If you’re a guy and you can’t remember where you place your wallet, don’t worry, you’re just having a bout of anxiety perhaps or maybe getting older – no big deal.
But if you’re a guy and you can’t remember your wife’s birthday, either you have a serious problem with your wife or with your own mind. So, you could either go to a marriage counselor or a doctor, as the case maybe.
A new study showed that men are more likely than women to have problems with memory and other thinking skills, symptoms considered to be an early stage of dementia.
The new study sheds light on the cognitive differences among men and women on the subject of memory for the first time.
Forgetfulness linked with aging, or just a frenzied day, is normal, the researchers said.
But when you start forgetting things you normally remember, and on a routine basis, such as your wife’s birthday or your wife’s face, these maybe signs of so-called mild cognitive impairment (MCI), which can lead to dementia, the experts said.
People with mild cognitive impairment are three to four times more likely than others to develop Alzheimer’s disease, according to the Mayo Clinic. Considered the most common form of dementia, Alzheimer’s is a neurological disorder that affects your ability to think, speak, reason, remember and move.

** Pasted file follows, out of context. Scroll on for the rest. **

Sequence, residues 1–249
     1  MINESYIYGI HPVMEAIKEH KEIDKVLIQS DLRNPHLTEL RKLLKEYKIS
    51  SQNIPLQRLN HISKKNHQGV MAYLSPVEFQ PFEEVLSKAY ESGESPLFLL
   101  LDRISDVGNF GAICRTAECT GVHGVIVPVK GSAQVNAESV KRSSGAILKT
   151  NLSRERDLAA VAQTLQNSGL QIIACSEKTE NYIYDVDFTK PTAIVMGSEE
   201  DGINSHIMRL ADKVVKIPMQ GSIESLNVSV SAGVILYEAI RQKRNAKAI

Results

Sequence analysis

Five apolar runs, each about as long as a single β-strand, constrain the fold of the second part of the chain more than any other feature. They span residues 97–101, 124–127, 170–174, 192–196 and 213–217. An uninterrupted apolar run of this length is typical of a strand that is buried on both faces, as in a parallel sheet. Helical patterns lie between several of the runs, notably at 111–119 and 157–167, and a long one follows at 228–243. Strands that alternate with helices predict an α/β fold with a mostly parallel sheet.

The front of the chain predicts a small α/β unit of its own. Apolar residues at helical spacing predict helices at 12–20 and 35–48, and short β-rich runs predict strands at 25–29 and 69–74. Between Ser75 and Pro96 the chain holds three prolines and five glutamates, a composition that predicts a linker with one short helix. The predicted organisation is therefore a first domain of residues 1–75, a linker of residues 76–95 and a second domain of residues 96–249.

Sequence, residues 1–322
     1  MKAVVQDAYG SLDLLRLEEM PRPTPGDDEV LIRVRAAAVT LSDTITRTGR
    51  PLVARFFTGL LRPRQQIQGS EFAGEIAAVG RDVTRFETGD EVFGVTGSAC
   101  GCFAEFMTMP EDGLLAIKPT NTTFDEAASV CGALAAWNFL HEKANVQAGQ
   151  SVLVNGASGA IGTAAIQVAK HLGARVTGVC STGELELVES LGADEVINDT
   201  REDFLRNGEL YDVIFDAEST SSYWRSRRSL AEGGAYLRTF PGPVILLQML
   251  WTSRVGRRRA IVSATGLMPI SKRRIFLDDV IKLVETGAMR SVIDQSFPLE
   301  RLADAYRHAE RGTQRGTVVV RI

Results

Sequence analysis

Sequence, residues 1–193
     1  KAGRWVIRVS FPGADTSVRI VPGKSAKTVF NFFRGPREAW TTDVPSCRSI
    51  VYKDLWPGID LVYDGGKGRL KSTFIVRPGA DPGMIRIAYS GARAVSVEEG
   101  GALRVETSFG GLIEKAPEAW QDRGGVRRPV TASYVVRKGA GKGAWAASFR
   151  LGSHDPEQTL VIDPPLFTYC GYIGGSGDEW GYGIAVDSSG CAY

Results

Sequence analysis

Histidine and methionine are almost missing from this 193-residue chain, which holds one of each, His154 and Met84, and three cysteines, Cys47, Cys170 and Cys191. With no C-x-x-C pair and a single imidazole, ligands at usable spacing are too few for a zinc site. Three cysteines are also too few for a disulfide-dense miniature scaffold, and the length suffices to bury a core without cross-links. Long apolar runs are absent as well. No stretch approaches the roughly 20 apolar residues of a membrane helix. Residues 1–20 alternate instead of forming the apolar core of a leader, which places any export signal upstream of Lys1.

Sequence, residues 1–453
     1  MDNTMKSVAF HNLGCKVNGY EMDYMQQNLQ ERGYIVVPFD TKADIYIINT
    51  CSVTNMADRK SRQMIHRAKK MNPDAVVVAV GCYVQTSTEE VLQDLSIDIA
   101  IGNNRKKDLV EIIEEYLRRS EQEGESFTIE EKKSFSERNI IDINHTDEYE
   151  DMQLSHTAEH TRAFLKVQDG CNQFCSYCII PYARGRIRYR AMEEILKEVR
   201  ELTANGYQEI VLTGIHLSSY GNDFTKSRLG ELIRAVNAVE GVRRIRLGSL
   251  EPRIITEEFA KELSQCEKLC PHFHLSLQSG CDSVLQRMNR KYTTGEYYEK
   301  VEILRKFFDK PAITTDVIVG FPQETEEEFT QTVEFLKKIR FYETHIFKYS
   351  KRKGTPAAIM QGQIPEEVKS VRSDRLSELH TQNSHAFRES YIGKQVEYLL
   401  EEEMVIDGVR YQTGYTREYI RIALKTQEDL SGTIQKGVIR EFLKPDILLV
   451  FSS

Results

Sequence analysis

The recent findings come from a study of nearly 2,000 residents in the US state of Minnesota who ranged in age from 70 to 89. Dr. Rosebud Roberts of the Mayo Clinic in Rochester, Minnesota, and her colleagues followed the participants beginning in the fall of 2004, collecting new data every 12 to 15 months.
Overall, 74 percent of the participants had normal mental function; about 16 percent had MCI; and 10 percent had full-on dementia.
Men were one-and-a-half times more likely to have mild cognitive impairment than women. The prevalence in men increased from 12 percent in men ages 70 to 74 up to 40 percent in the oldest age group, ages 85 to 89.
The finding remained the same regardless of a man’s education or marital status.
“These findings are in contrast to studies which have found more women than men, or an equal proportion, have dementia, and suggest there’s a delayed progression to dementia in men,” Roberts said. “Alternately, women may develop dementia at a faster rate than men.”
Memory sometimes plays tricks on our mind. One time you remember such exquisite little details as the shape, color, texture and even the taste of a woman’s lips. And other times, you can’t remember anything of that – even when she’s right there infront of you.
I guess, memory is closely tied to emotions. The more intense the feeling, the more it is hard to forget – even when you’re already a hundred years old, perhaps.